- Build up your following on Social Media – Your website is your online real estate, but you must also have a Facebook, Twitter, Instagram, TikTok, and YouTube presence. Some people have created their own celebrity by uploading home-produced videos on YouTube, TikTok, Reels, or whatever the latest platform is. Use your social media profiles to make connections and don’t rant. (Okay, I got booted off one of my Twitter accounts for ranting – my bad!)
- Avoid P2P – I abhor the proliferation of “pay to play” sites. When I was coming up as an actor, the Screen Actor’s Guild always warned us, “If anyone asks you to pay to audition, run away as fast as you can.” Charging for auditions is WRONG and most of the work is non-union and underpaid. Those companies are only out to make a buck . . . from YOU. Still, if you are a beginner, they, along with Upwork and Fiverr may be good to practice with.
- Have a home studio – I ADORED having an engineer set up my mic and worry about the sound quality so all I had to focus on was my performance. Now YOU have to be an engineer and all those cool engineers are out of work. Many struggling actors do not have a suitable space to work in so you may have to be creative. You need decent equipment and the right software. Still, you don’t have to invest in an expensive booth. My home studio is in my closet because I rent a room in a house. Clothing is awesome for sucking up sound and so are furniture pads. Set up a space between your sweatpants and your winter coat. Then, hope your dog won’t bark or the gardener doesn’t show up when you are recording. In my case, it’s my roommate who watches TV all day in the next room. Once you become wildly successful, then, maybe, build a professional sound booth.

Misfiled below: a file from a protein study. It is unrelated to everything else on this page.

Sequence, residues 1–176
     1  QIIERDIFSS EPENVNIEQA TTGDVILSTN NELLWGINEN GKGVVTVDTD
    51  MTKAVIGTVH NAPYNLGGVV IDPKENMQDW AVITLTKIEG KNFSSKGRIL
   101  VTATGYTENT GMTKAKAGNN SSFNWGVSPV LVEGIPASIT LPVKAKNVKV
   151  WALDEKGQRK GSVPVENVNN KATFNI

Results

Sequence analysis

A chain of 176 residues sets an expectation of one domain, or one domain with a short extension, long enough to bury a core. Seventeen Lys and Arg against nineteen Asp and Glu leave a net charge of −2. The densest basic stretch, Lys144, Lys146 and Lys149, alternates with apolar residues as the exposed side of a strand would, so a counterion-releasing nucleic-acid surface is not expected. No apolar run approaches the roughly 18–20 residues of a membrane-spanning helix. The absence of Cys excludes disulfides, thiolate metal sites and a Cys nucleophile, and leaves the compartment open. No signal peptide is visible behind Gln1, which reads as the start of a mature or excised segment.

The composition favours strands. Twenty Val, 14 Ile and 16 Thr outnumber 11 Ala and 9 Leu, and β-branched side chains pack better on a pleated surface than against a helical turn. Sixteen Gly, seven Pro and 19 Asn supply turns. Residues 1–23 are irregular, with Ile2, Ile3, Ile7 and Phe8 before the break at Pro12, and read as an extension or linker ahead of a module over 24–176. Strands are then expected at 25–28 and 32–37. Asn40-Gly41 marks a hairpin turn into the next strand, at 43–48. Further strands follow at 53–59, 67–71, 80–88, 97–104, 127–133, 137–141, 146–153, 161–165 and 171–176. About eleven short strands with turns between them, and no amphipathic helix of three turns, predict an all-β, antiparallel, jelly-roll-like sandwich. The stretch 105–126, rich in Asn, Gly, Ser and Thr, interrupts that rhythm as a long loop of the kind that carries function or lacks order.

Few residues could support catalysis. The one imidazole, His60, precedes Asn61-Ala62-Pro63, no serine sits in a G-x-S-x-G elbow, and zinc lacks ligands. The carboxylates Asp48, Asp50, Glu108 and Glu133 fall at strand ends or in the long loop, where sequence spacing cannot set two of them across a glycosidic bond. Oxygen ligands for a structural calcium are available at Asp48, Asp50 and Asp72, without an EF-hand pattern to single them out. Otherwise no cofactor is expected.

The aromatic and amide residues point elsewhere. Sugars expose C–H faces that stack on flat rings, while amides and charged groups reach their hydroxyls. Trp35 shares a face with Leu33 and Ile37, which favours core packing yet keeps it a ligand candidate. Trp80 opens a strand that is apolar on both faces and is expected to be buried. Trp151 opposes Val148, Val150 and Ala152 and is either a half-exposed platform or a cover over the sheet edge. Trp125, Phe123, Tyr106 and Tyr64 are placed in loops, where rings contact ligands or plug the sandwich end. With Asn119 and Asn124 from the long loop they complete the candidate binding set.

- Equipment – Smartphones are getting better all the time but they aren’t a replacement for a professional microphone. I use an Audio Technica 2020 condenser mic, a pop filter, a small Beringer mixer, Sennheiser headset, and record with Audacity, which is free. There are more expensive setups out there but remember all your business expenses will add up so wait to upgrade AFTER you start making lots of money. You will also need Source Connect, Skype, Zoom, or whatever is required for your gigs.
- Demos – You can spend a huge amount of money on demos, then get an agent, and 99% of the time, they will want you to make new ones to their specifications. If you are at the start of your career, be careful, and only make a professional demo when you are ready.
- Get a knowledgeable tax advisor so you can write off your business expenses properly.
- Find out if voice acting is for you. Start a podcast. It’s fun and you can even make money doing it. You’ll get practice using equipment, work on marketing, and see if you like the sound of your own voice. I had a podcast for a while and made awesome connections. Give it a try.
- Be prepared to fly by the seat of your pants – Acting work is cyclical and unpredictable. You may be flying high one year and live on food stamps the next. This can take a toll on you mentally and could affect your family and kids. There are many imensely talented actors out there who never got a break and end up on the street. You have to be strong enough to work through the ups and downs.